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Issue Date:
The Truth About Iran
Posted March 15, 2002

A top advisor to President Bush who recently returned from Afghanistan delivered a blistering condemnation of the Iranian regime in a speech Wednesday night to a pro-Tehran lobbying group in Washington, DC that clearly had been hoping to hear a different message.

Dr. Zalmay Khaliazad, advisor to the president for Near East and South Asia and the President's Special Envoy to Afghanistan, told the American-Iranian Council (AIC) that the Iranian government is sheltering Al Qaeda terrorists and continues to support other international terrorist groups, despite explicit U.S. requests to stop.

"We had hoped that after the September 11 attacks, the Iranian regime would end its support for terrorists," Khaliazad said. "But Iran did not stop its support for terror. Indeed, the hard-line elements of the Iranian regime facilitated the movement of al-Qaeda terrorists escaping from Afghanistan."

Khaliazad warned that the Iranian regime was "aggressively pursuing" nuclear, chemical, biological and ballistic missile programs, which coupled to Iran's support for terrorism, created "a threatening mix."

"It is a particularly dangerous prospect for an Iranian government, not accountable to the Iranian people and supporting terrorists, to acquire nuclear weapons," he added.

He blasted the regime for its human rights abuses and repression of women. "America will stand beside all people, including Iranians who seek a freer future," he said. "Nearly 65% of Iran's population is under 25. This group has been the driving force for change. But the voices and protests of Iran's young people have been repressed at times violently."

The American-Iranian Council is financed by major U.S. corporations seeking to remove U.S. trade sanctions on Iran. The group regularly calls for a "dialogue" between the U.S. and clerical regime in Tehran, with the clear suggestion that the roadblocks to dialogue are in Washington. But Khaliazad pointed out that "the Iranian government has chosen not to engage the United States in a dialogue free of preconditions."

The AIC claimed that major U.S. corporations, including Chevron Texaco, CONOCO, and Exxon Mobil were "co-sponsors" of the one-day conference, but most of the hundred-odd participants gathering at the U.S. Chamber of commerce were Iranian.

Senator Joseph Biden (D, DE) told the group earlier in the day that he favored a dialogue with the Iranian government. "I believe than an improved relationship with Iran is in the naked self-interest of the United States of America." However, he also criticized the regime for its support of terrorism and human rights abuses, stating: "we are squarely with the Iranian people in their desire for a democratic government and a democratic society."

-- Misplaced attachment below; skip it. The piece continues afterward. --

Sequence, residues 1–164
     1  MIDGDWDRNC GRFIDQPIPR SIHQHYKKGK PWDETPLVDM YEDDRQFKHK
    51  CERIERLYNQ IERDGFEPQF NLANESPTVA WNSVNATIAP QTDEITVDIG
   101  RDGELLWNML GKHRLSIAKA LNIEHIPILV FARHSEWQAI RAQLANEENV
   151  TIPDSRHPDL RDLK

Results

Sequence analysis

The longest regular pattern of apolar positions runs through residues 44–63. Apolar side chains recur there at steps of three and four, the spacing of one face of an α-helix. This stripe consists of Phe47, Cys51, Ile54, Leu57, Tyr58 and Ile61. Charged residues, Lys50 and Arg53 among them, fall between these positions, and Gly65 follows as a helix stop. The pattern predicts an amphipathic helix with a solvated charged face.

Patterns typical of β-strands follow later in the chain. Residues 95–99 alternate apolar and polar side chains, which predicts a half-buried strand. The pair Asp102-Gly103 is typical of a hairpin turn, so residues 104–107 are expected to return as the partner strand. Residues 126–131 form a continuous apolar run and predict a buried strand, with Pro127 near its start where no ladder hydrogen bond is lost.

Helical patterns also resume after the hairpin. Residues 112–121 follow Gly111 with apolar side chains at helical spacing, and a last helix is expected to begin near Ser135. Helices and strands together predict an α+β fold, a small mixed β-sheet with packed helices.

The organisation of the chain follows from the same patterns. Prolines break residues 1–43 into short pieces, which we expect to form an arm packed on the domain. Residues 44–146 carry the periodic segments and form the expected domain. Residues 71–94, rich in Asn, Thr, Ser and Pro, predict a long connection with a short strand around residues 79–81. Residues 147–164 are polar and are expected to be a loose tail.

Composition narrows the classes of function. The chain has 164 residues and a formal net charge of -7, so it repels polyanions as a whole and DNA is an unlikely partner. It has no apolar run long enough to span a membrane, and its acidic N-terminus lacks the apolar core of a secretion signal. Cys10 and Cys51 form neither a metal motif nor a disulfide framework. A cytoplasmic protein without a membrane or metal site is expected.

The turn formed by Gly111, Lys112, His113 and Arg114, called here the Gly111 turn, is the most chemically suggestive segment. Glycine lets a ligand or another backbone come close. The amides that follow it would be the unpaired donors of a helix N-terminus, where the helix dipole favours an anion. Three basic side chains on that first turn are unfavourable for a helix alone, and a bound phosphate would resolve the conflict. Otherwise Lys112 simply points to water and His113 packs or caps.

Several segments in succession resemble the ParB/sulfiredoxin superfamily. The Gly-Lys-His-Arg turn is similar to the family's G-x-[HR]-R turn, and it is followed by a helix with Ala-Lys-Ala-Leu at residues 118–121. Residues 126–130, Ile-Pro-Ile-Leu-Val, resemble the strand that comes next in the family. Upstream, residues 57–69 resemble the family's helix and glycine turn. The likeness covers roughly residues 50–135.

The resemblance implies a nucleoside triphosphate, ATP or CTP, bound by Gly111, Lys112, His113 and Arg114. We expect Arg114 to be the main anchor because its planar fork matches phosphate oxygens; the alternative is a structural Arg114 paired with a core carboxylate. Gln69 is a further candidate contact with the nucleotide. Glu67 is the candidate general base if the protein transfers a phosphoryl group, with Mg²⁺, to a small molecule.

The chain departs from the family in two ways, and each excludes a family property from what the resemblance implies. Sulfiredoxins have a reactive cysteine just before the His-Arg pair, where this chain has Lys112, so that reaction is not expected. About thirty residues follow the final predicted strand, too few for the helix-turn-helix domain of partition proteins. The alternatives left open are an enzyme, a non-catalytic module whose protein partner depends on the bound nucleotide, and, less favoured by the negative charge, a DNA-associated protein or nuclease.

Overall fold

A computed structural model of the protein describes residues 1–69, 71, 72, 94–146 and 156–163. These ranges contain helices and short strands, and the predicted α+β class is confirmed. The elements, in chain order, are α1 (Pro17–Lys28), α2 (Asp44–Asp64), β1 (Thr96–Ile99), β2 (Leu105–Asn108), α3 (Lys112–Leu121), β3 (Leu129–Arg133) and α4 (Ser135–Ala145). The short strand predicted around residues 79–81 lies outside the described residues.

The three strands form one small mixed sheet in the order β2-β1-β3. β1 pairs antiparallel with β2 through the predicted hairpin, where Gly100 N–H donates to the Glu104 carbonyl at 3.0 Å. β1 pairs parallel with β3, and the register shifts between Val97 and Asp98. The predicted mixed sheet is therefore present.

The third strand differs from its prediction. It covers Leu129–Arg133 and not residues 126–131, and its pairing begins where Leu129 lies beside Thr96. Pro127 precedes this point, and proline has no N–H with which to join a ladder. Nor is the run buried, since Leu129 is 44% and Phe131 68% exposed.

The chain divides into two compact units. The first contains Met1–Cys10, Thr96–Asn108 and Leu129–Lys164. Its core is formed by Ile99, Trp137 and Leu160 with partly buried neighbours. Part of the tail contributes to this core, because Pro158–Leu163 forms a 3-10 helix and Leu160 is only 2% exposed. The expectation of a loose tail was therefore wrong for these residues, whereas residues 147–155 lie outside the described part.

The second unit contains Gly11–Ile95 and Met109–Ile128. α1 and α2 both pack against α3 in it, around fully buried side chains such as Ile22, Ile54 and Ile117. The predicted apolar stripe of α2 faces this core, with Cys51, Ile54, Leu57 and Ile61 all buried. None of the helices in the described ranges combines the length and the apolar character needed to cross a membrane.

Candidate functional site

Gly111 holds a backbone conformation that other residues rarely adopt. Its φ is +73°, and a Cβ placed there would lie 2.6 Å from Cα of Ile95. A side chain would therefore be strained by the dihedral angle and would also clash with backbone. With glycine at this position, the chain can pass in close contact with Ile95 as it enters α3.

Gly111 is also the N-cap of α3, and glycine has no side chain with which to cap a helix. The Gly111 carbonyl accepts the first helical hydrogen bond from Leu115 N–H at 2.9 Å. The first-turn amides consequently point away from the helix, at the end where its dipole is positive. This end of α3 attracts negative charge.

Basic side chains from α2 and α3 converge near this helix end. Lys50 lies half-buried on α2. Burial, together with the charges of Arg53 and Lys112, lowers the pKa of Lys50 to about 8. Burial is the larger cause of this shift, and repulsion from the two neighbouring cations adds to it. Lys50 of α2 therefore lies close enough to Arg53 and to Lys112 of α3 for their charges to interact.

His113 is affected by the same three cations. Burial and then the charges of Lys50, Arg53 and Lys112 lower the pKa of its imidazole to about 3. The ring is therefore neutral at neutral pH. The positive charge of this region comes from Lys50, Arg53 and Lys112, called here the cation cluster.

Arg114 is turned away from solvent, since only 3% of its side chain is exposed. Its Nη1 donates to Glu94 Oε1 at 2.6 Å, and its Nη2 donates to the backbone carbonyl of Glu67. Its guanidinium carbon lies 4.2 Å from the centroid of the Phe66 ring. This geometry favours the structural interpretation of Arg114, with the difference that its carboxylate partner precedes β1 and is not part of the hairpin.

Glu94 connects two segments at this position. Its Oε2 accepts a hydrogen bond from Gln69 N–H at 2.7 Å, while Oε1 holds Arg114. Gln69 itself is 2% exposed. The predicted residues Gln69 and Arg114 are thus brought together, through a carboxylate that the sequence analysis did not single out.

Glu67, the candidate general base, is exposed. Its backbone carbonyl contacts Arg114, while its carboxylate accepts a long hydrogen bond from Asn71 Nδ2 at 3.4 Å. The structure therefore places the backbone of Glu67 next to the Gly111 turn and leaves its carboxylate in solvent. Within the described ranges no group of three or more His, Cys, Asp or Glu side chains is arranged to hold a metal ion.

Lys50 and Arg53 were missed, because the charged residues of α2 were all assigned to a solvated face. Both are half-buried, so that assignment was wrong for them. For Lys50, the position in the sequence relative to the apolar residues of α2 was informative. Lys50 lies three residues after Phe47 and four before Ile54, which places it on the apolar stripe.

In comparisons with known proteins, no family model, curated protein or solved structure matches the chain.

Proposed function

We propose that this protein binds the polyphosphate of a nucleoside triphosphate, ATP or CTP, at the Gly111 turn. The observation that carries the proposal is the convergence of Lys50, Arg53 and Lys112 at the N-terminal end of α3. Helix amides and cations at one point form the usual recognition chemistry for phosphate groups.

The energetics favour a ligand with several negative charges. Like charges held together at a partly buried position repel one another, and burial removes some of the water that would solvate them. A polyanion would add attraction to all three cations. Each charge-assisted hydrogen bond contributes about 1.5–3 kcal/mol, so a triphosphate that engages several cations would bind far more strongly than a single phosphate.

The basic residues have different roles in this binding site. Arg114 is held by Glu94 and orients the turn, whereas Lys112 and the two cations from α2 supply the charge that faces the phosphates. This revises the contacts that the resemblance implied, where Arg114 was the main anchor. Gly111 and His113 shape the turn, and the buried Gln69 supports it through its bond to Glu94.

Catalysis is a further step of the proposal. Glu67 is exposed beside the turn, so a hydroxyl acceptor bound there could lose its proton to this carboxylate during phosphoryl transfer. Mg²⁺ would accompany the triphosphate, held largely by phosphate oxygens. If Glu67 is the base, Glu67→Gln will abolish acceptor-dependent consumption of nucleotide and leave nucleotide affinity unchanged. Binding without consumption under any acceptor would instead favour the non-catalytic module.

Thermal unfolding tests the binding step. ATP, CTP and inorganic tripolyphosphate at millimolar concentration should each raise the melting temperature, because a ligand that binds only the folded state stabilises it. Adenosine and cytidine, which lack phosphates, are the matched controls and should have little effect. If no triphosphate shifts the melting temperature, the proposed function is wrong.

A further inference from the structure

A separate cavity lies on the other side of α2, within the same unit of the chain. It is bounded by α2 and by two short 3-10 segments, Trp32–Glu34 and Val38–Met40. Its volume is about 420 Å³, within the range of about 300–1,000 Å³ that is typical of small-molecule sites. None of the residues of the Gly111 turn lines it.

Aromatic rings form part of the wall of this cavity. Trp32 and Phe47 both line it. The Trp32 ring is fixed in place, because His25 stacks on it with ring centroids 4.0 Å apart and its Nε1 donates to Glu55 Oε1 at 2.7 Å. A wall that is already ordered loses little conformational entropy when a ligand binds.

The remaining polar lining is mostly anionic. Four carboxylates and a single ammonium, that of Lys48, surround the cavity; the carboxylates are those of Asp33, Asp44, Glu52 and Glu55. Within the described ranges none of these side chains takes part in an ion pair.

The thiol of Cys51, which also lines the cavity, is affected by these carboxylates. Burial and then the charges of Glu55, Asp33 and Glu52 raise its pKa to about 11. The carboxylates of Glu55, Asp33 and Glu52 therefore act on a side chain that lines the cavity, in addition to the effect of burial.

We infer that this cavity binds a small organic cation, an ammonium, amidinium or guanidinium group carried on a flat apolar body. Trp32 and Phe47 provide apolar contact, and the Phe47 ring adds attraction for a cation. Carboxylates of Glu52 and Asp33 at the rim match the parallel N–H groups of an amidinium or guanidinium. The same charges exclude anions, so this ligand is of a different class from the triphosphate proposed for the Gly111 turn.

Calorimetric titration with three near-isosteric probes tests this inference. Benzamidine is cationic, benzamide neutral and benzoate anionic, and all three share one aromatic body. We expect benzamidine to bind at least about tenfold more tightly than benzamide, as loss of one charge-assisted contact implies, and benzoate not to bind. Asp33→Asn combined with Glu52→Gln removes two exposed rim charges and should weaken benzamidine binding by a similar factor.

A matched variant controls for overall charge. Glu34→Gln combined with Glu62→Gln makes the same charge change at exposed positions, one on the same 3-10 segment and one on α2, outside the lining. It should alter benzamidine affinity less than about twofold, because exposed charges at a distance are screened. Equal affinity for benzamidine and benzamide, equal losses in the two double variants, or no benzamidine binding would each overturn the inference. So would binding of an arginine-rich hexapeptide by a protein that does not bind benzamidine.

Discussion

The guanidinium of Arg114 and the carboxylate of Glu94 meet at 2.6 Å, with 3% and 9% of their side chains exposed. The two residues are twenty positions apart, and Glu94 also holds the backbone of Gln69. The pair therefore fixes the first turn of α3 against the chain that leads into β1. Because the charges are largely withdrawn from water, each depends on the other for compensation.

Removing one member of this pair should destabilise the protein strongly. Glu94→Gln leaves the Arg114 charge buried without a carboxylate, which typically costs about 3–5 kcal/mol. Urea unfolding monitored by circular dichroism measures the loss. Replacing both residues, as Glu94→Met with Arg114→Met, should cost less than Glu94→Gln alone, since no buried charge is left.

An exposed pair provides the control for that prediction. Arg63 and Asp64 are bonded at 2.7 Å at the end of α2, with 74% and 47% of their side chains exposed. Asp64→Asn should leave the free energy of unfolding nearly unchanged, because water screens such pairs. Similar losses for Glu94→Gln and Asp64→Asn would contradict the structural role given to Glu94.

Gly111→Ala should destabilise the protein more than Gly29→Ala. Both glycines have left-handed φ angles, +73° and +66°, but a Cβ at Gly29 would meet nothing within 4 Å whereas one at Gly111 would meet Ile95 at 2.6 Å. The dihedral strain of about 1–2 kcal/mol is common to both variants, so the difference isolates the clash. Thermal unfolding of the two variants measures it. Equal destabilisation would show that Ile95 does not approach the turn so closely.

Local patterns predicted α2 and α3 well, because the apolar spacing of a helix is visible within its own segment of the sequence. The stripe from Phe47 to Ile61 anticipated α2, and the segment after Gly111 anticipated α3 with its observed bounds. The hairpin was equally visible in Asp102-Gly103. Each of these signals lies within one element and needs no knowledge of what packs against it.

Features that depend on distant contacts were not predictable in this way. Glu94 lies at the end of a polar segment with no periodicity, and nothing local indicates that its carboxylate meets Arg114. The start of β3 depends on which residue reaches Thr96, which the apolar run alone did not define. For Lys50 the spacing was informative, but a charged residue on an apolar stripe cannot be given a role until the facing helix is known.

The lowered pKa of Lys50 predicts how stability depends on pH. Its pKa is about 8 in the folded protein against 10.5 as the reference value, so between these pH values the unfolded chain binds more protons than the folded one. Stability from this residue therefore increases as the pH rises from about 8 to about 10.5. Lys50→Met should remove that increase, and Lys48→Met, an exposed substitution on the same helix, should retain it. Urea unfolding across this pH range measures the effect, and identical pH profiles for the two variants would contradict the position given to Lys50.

Biden was strongly criticized by Iranian-Americans for attending a fund-raiser held by members of the AIC and another pro-Tehran lobbying group in California last month, as Insight recently reported.

Also addressing the group was Senator Robert Torricelli (D, NJ), who until recently has been an outspoken supporter of the People's Mujahedin organization of Iran, an Islamic Marxist group that is supported by Saddam Hussein and maintains military bases in Iraq.

Senator Chuck Hagel (R, NE) gave a rambling keynote speech emphasizing the need for opening trade with Iran. When asked by Insight if he realized that the AIC was a pro-Tehran lobbying group, Hagel said "Hmpf" and walked off without further comment.

AIC president Housing Amirahmadi called allegations that have surfaced within the Iranian-American community that he was facing a sexual harassment lawsuit from a former AIC staff member "total nonsense."

Kenneth R. Timmerman is a senior writer at Insight.


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Who's to blame for the escalation of violence in the middle east?
The Palestinians
The Israelis
Both, but more the Palestinians
Both, but more the Israelis
The Bush administration

Copyright 2001 News World Communications, Inc.
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